Former Israeli President Moshe Katsav's rape conviction hailed as victory for women
Women's rights activists hailed Moshe Katsav's rape conviction as a seminal victory for women's rights in Israel, which has a tradition of military machismo.
Former Israeli President Moshe Katsav was convicted of rape and multiple charges of sexual misconduct by a Tel Aviv District Court today, making him the highest ranking Israeli official ever to be convicted and face jail.
The unexpectedly definitive verdict marked the conclusion of a four-year nationwide drama which pitted the word of the former president – who held a mostly ceremonial but highly symbolic position – against that of three anonymous former female employees.
The decision, handed down in a Tel Aviv district court, was immediately hailed as a major victory for women's rights in a society with a tradition of military machismo.
"It’s a historic and significant ruling," says Miriam Schler, director of the Tel Aviv rape crisis center. "It will restore faith in the legal system that women can come forward. It's an important statement to women in the work place, and to men in places of power, that they can't abuse their office."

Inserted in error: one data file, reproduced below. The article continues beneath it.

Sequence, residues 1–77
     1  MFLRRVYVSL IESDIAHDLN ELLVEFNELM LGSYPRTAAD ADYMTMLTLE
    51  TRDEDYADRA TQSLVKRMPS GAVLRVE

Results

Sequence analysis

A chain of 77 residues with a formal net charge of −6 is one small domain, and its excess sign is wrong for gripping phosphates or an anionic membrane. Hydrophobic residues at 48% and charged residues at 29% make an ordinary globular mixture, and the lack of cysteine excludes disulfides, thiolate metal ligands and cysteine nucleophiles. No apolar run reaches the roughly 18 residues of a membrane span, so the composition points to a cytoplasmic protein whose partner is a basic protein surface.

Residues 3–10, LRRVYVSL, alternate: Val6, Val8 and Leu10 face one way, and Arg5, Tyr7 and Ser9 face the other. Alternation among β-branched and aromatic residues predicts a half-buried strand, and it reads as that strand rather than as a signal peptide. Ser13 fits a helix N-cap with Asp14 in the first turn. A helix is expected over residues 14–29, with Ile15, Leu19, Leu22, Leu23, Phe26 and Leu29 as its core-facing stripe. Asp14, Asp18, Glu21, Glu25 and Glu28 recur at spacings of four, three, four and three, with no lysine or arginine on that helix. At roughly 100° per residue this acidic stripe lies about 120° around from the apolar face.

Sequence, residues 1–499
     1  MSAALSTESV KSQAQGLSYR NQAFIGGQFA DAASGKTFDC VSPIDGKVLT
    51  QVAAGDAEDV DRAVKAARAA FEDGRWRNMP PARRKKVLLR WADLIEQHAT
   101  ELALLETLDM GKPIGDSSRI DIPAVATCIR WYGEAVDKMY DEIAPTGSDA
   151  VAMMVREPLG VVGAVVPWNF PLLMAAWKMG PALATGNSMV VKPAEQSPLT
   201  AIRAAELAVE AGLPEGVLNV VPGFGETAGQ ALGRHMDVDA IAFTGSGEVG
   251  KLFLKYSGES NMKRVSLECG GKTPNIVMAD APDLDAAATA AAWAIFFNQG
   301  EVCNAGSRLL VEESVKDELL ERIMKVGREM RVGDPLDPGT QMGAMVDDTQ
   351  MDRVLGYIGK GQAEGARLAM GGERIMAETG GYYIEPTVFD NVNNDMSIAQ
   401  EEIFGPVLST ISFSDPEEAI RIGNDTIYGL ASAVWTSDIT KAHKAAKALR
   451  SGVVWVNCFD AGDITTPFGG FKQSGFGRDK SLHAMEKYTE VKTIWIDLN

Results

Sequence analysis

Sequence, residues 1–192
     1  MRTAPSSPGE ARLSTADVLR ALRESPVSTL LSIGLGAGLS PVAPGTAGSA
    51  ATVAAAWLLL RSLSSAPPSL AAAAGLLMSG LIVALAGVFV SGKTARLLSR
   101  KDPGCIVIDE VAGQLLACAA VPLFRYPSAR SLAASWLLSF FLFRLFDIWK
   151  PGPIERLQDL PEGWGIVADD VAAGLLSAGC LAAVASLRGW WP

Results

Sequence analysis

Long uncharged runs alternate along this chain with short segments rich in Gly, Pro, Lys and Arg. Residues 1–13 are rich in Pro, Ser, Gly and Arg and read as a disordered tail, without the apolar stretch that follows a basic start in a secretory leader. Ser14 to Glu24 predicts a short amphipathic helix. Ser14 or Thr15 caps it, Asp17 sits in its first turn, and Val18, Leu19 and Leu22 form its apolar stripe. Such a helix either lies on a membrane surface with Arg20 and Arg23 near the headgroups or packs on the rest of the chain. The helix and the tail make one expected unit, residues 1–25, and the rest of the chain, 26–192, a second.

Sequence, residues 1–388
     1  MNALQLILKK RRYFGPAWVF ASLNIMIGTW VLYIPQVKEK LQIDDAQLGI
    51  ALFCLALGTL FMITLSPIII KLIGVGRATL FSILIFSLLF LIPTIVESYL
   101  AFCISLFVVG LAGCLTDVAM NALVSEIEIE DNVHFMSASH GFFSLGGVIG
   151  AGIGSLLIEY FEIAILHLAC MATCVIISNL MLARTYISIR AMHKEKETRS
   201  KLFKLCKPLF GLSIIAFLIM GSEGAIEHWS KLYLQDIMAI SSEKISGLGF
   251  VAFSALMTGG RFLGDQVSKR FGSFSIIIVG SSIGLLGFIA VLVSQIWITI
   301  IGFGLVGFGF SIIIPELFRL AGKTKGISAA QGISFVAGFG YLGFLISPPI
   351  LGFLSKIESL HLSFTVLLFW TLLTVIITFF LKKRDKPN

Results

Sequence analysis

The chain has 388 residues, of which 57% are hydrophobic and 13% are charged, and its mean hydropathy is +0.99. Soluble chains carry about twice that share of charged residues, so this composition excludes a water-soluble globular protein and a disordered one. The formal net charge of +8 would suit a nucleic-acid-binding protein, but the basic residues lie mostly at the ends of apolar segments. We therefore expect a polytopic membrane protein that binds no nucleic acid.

Judges: Katsav testimony full of lies
Katsav was convicted of two counts of rape and a count of committing an indecent act by force while he was Tourism Minister in the late 1990s. He was also convicted on counts of sexual harassment and indecent acts toward two other employees while he served as president from 2000-07.
The former president, who rejected a plea bargain agreement that would have omitted the rape charges, has consistently rejected all of the accusations of sexual misconduct.
Calling his testimony "littered with lies,'' judges rejected Katsav's claims that the charges were part of a conspiracy against him among the different plaintiffs. They ruled that the testimony of the various women proved to be honest and credible.
Presidency typically held by No. 1 citizen
Rising through the ranks of the right-wing Likud party after immigrating to Israel as a child from Iran, Mr. Katsav is revered by many because he was the first Jew of Middle Eastern origin to become president.
Anat Saragusti, a women's rights activist and former television reporter, said the ruling was "radical'' because of the way that the judges adopted the plantiffs version of events despite the fact that they continued to work for Katsav and didn't file complaints immediately. She said the Israel's workplace culture is influenced by office norms in the military.
"This is a people's army and it leaks out into the general society,'' says Ms. Saragusti. "The situation in the army is that you have grown-up men with young women in their 20s doing secretarial work. They are used to having services performed by women and treat them as objects.''
Israeli Prime Minister Benjamin Netanyahu said the conviction of a former president – an apolitical role filled by a figure considered the country's No. 1 citizen – was a "sad'' day for Israelis.
"The court handed down two clear and sharp messages,'' Netanyahu said, "on the equality of everyone before the law, and on the full rights of a women to her body.''